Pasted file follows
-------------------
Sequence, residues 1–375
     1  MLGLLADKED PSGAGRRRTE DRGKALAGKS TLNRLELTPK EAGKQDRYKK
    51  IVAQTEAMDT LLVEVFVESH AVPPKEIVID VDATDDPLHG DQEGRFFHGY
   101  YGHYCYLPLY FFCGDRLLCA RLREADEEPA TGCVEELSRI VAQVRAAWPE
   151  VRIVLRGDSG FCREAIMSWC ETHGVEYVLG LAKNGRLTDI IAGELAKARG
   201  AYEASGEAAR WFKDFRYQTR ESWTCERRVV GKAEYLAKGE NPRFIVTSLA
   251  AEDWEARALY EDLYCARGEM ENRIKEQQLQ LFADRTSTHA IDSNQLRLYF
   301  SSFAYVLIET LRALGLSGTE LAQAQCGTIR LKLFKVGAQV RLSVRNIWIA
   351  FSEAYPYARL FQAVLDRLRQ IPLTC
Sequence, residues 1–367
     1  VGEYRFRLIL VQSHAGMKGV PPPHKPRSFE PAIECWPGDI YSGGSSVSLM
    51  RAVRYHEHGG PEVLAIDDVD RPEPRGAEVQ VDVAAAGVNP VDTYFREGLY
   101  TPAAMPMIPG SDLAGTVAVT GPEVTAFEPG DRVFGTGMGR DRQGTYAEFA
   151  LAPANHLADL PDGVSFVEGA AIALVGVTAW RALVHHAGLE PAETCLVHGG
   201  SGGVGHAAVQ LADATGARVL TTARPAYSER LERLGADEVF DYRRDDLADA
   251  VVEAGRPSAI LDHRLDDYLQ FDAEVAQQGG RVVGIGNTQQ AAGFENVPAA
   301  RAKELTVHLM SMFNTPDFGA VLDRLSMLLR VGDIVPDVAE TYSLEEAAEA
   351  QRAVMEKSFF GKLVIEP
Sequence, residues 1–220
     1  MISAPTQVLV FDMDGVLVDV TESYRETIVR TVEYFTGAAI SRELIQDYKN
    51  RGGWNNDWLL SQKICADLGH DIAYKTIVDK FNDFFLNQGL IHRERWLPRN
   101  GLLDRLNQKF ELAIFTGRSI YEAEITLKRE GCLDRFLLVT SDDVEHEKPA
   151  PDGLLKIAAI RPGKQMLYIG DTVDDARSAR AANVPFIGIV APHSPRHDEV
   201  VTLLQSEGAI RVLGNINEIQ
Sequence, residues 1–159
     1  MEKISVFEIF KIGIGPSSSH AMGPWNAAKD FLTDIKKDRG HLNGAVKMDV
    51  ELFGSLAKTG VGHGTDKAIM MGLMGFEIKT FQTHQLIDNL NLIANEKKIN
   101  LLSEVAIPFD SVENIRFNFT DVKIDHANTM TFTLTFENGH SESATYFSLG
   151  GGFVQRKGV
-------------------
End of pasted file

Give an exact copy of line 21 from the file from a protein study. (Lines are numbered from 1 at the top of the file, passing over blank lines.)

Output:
    51  RGGWNNDWLL SQKICADLGH DIAYKTIVDK FNDFFLNQGL IHRERWLPRN